Getting to understand Development Finance better

October 07, 2019

Although the name seems intimidating at first, development finance is pretty much how it sounds.

It is the process of gaining investment for development or refurbishment of residential, commercial or mixed-use properties.

Demand for this has vastly increased over the last few years since developers realised the potential for huge returns in property.

Development finance is usually granted to experienced builders and developers, it also helps if they have earned a good reputation within the industry. These funds mean that they can start raising the capital to turn their ideas into reality.

Unlike a traditional mortgage lender – who will only consider the current price of a property – a specialist development finance lender will take the future value of the property into consideration when agreeing on a loan.

Applying for development finance is a fairly straightforward process. The individual has to submit an application which includes how much the site/property was bought for, the development/refurbishing costs, professional fees and build timescales.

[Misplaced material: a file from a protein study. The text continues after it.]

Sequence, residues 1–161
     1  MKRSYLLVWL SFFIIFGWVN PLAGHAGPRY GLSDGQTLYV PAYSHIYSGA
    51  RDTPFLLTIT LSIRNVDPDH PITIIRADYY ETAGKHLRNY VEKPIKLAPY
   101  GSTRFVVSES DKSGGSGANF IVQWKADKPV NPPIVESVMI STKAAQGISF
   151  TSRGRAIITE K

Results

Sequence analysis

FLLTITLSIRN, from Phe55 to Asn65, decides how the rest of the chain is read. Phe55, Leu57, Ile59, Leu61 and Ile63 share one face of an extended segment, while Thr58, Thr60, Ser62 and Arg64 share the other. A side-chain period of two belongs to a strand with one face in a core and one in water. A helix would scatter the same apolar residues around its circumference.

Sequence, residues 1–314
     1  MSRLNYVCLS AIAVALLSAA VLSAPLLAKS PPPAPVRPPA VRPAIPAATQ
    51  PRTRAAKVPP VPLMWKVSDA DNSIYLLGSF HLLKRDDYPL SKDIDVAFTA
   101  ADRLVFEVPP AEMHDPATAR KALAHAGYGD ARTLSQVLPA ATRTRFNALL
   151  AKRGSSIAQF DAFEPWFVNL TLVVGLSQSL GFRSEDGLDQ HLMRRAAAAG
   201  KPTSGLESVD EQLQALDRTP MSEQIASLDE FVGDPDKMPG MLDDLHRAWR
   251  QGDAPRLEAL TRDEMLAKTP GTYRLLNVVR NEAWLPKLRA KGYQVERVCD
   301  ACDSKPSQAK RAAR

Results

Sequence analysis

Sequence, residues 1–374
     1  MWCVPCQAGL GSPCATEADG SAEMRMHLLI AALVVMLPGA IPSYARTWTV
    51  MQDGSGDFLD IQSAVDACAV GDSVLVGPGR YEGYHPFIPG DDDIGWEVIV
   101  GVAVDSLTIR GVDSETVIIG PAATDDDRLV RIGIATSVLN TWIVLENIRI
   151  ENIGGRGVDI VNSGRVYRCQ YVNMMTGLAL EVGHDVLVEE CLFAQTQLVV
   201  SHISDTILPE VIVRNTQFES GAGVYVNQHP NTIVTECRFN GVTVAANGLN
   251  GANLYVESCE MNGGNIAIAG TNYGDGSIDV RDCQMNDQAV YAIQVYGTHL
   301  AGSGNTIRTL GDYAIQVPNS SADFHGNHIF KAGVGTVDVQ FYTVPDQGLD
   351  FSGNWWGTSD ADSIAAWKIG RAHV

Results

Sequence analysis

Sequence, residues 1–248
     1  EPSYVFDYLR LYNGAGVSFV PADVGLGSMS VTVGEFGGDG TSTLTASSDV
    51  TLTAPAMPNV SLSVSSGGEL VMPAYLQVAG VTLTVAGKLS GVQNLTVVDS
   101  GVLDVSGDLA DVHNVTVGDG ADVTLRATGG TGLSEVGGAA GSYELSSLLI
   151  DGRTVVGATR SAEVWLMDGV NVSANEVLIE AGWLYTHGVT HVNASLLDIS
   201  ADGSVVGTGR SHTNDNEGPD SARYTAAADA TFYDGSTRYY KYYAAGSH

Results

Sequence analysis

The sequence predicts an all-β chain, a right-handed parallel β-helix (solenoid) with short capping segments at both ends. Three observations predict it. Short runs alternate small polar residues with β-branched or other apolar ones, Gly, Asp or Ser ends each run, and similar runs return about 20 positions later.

After, a lender will offer some terms based on the information and supporting evidence provided. Credit searches will then be conducted on the applicant´s finances, experiences and development location.

If approved, development finance could be used to cover the land purchase and building costs. For example, a lender might finance 50% of a property purchase and 70% of the build, meaning the developer and their investors have to fund a significantly smaller portion of the entire project.

The project will then be checked on throughout the construction.

Bad credit is one thing that will get in the way of a person´s development finance eligibility. That, and poor organisation skills. The latter is due to a large amount of paperwork that is required to support an application.

This is because a lender has to take into account the future value and saleability of a project once it is completed and the short-term loan is repaid. Examples of paperwork that will be asked for is:

  • The current value of a property if owned or purchase price
  • Predicted end value
  • Your build or renovation costs
  • The timescale for the development
  • CV of experience
  • Details of professionals involved with your project
  • Copy of planning permission
  • Building regulations
  • Details of any Section 106s or any planning restriction if applicable

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